To the naked eye, plants may appear passive but they actually engage in long-standing wars to outgrow each other. When a plant succeeded in outgrowing another, it literally “shades” the other plant from much-needed sunlight, which is a key ingredient in its survival.
The plant war doesn’t end there. The underdog relies on its built-in internal sensors to escape an impending “shade” created by rival plants. These light sensors can effectively detect dips in blue and red lights, which are the wavelengths absorbed by plants. The light sensors can also distinguish the shade from a rival plant and a passing cloud.
Salk Institute scientists published the amazing discovery in the journal Cell on Dec. 24. The team found that a dip in blue light pushes the plant towards an accelerated growth to beat its rivals.
The findings could be useful in increasing crop productivity. For instance, researchers can come up with ways to optimize growth in fickle plants such as soy and tomato. Gene modification can force these plants to yield greater produce even when grown in shaded and crowded fields.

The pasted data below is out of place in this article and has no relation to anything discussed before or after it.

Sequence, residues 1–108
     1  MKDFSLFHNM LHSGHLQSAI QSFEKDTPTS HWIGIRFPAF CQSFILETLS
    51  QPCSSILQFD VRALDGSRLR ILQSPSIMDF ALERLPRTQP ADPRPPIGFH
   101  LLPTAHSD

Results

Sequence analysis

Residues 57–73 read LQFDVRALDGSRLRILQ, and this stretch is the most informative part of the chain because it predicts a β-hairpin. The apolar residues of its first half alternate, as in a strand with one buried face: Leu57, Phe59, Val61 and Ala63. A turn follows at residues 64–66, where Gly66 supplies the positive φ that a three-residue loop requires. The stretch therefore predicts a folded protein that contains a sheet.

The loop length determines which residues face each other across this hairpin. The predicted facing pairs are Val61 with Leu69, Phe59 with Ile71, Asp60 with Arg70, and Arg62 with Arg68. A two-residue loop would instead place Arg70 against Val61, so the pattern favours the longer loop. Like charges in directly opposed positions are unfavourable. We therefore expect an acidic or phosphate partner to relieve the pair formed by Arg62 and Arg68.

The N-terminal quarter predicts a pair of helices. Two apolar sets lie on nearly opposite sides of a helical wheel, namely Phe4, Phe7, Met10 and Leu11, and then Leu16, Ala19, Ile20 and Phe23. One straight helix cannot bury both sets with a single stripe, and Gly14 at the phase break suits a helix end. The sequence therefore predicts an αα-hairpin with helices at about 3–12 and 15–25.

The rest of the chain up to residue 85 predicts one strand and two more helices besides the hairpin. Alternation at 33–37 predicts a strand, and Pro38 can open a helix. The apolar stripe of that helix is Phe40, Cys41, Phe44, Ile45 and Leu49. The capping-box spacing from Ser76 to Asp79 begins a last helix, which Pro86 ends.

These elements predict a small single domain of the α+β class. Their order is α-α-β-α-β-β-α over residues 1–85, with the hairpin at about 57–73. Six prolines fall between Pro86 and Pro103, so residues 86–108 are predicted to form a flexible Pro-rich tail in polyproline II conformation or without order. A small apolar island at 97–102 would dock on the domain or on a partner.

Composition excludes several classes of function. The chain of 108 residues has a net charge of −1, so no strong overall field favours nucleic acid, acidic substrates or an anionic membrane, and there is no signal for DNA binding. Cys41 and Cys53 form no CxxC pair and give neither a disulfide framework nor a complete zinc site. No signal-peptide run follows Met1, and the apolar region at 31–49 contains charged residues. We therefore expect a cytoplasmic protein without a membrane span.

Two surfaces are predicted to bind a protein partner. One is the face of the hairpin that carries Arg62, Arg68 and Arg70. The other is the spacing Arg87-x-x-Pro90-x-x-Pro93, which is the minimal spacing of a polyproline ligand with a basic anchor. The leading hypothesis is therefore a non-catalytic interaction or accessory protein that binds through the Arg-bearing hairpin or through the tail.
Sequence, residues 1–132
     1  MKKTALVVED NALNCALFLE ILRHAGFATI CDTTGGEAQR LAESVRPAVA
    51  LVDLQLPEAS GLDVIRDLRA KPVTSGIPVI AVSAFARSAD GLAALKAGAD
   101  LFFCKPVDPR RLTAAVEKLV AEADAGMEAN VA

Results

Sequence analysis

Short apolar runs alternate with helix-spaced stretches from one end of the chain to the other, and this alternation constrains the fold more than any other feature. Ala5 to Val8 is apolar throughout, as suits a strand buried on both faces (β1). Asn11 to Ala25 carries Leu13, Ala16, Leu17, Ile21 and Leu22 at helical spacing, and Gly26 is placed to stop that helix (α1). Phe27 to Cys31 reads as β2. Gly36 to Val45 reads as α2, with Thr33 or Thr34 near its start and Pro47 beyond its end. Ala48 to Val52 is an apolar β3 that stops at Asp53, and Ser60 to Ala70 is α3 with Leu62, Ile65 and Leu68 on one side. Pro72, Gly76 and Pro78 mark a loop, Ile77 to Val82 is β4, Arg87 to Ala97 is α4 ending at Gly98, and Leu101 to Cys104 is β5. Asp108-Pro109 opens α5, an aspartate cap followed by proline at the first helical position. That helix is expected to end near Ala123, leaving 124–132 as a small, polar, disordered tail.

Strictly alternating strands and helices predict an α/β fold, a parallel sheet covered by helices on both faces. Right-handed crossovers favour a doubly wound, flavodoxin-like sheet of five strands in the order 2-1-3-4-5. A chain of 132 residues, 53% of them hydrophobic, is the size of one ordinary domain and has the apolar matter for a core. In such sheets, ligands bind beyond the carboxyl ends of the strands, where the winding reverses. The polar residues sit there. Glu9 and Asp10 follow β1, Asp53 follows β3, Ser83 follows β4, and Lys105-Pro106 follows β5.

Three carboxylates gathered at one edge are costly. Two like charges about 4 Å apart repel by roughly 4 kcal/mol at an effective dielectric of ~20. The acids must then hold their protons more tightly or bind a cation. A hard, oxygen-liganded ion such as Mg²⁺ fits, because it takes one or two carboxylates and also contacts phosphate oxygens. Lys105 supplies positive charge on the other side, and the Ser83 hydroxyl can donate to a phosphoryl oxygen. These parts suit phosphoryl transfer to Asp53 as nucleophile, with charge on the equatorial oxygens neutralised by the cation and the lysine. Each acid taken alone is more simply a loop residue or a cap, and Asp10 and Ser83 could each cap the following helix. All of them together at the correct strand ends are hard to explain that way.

“With this knowledge and discoveries like it, maybe you could eventually teach a plant to ignore the fact that it’s in the shade and put out a lot of biomass anyway,” said senior study author and Salk’s Plant Molecular and Cellular Biology director Joanne Chory.
New Findings Break Old Notions
The new findings are in direct contrast with old notions in the field, literally. Past studies showed when plants detect a dip in the red light, they activate the growth hormone auxin to outgrow its nearby competitors.
For the first time, the new study found that plants can escape the shade through a different process. The molecular light sensors called cryptochrome reacts to the reduced blue light by triggering the genes responsible for accelerated cell growth.
Cryptochrome is a blue light sensor which is also responsible in telling the plant when to flower. It was first found in plants but later discovered in animals. Cryptochrome is linked to the plant and animal species’ circadian rhythm or biological clock.
Cryptochrome’s blue light-sensing abilities have long been established but the study is the first time its growth acceleration abilities in shaded environments are discovered.
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